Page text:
Eggs Around the World

Do you know your shakshuka from your tamagoyaki? This quick guide to classic egg dishes in all their delectable variety will set you straight.

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The Good Egg

Packed with protein, inexpensive, and suited for breakfast, lunch and dinner, eggs are one of the world's most-versatile foods. Here are just a few of the many ways cooks the globe over have transformed this simple ingredient into something magnificent.

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By Bob Hoebee for Food Network Kitchen

Eggs Benedict

It's only fitting that such a universally loved dish should have competing origin stories. Some say it was invented in the 1890s at the Waldorf Hotel as a hangover cure for a certain Mr. Benedict. Others claim it was first made at Delmonico's restaurant, also in New York City, for a different Mr. Benedict. We do know the original dish was made with toast, bacon, poached eggs and hollandaise sauce. Later, the toast and bacon were replaced by English muffins and Canadian bacon or ham.

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This one-pot dish, said to originate in Northern Africa, is now very popular all over the Middle East, especially in Israel and Egypt. To make shakshuka, eggs are skillet-poached in a bubbling bath of chile peppers, sweet onion and tomato sauce, often scented with cumin and paprika, then served with toasted pita. The meal is very similar to Italian-style eggs in purgatory, which also has a tomato sauce base, though then it is flavored with olives and cheese.

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Egg Foo Young

The name literally means "hibiscus egg" in Chinese because this wok-fried egg pancake takes on a flowery shape when fried until brown and bubbly. Made with ham or shrimp, onion, bean sprouts, and sometimes peas, the dish is often served with a glossy broth and cornstarch slurry sauce. In St. Louis and other parts of the Midwest, you'll find a regional variation called a "Saint Paul Sandwich," where the egg patty is served on white bread with mayonnaise, dill pickles, lettuce and tomato.

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Mexican and Tex-Mex Migas

This brunch staple consists of torn strips of corn tortillas that are fried in lard or oil until partially crisp, then scrambled with eggs. They are usually served with a zesty red or green salsa. Embraced as a way to resurrect day-old tortillas, egg migas are very similar to Jewish matzo brei, but they're made with tortillas instead of matzo.

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Sabzi Kuku

This very green Persian take on a frittata is traditionally served on New Year's to symbolize rebirth, but it is also enjoyed throughout the seasons for breakfast, lunch or dinner — or as a snack. Made of eggs mixed with a generous amount of chopped dill, parsley, cilantro and chives, it is poured into a pan and baked. You can eat it straight or sliced up in a sandwich.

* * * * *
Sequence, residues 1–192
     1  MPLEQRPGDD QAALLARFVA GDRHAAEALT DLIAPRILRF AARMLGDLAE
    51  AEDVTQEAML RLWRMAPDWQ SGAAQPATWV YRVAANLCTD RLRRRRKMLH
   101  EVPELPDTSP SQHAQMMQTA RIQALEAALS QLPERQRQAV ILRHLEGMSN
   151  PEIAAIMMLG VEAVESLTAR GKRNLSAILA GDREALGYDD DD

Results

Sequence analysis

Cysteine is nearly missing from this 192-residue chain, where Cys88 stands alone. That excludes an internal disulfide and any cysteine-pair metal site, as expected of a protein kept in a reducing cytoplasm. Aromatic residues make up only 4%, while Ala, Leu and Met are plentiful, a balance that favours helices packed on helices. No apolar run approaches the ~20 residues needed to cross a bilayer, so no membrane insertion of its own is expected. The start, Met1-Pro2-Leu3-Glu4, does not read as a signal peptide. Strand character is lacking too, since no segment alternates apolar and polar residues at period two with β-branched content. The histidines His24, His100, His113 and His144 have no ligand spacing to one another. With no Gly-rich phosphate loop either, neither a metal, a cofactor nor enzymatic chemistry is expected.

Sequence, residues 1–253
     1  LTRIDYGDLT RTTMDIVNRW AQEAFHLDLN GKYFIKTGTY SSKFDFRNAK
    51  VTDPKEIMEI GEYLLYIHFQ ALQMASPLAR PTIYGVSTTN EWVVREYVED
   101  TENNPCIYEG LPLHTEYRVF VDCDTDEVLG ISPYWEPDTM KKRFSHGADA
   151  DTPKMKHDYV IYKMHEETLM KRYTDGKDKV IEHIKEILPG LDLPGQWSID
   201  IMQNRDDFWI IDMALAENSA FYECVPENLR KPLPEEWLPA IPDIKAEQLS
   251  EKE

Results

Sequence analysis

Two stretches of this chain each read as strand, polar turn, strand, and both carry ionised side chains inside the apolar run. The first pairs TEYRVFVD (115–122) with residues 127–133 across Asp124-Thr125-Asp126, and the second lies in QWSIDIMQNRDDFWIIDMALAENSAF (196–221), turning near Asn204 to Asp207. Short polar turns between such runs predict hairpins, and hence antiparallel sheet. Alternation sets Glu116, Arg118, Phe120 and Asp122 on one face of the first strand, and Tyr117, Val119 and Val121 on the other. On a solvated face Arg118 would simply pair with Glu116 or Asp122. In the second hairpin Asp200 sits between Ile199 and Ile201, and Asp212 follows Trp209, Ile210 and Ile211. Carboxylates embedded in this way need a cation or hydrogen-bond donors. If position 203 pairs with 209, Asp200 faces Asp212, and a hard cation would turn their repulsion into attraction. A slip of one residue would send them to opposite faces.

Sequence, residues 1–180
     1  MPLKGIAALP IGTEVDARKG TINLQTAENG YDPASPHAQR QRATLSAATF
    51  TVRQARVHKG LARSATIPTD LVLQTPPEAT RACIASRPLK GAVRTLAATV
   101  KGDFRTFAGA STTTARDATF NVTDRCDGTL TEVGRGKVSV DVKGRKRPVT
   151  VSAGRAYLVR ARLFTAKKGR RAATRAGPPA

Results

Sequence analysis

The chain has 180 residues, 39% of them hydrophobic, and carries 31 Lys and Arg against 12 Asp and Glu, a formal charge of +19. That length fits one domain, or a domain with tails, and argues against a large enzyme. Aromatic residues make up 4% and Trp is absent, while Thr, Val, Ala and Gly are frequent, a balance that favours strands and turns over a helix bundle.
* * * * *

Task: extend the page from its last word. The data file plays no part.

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This very light-textured Japanese egg custard steamed in a ceramic bowl or teacup is usually flavored with soy, dashi (bonito and kelp broth) and mirin (sweet rice wine). You'll often see it topped with shiitake mushrooms, small sweet shrimp or gingko nuts.

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This popular Japanese rolled omelet is made from beaten eggs flavored with dashi and soy sauce. The egg mixture is expertly cooked in very thin layers, which are then stacked in the pan and rolled up. Grated daikon radish is a popular garnish.

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Scotch Eggs

An English treat some say was invented in a London department store, these are hard-cooked eggs that are coated with sausage and breadcrumbs, then fried until crispy. Although they are sometimes served hot with gravy, you'll most often encounter them served at room temperature or as a popular picnic food. Scotch eggs come in several variations, including one where the egg is first pickled before being coated and fried.

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Shirred Eggs

First popularized in late-19th-century cookbooks, these baked eggs were originally made in a flat-bottomed dish called a "shirrer." These days, any small ramekin will do. Whole eggs are baked with a knob of butter or drizzle of cream until the whites are just set. (In this way they are quite similar to eggs en cocotte, but they're not baked in a water bath.) Shirred eggs are often garnished with breadcrumbs or croutons and minced herbs like tarragon and chives.

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Spanish Tortilla

This is a Spanish take on an omelet or frittata: Vegetables are cooked until tender, then coated with just enough beaten egg to hold them together. The whole thing is fried on both sides in a skillet to form a thick, golden-crusted pancake. In Spain, you'll see tortillas served at room temperature as tapas to accompany wines or aperitifs. The most-famous version is tortilla Espanola, made with sliced potatoes, onions and eggs that are fried until golden in Spanish olive oil.

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Chinese Steamed Eggs

These custardy, absurdly supple steamed eggs might seem intimidating, but they are most definitely not. We added a couple of extra steps to make them absolutely foolproof: First, covering the eggs with foil guarantees that you won't get large pools of water in your ramekins; secondly, and allowing the eggs to gently finish cooking in the steamer after the initial cooking time ensures perfectly just-set eggs every time.

Get the Recipe: Chinese Steamed Eggs

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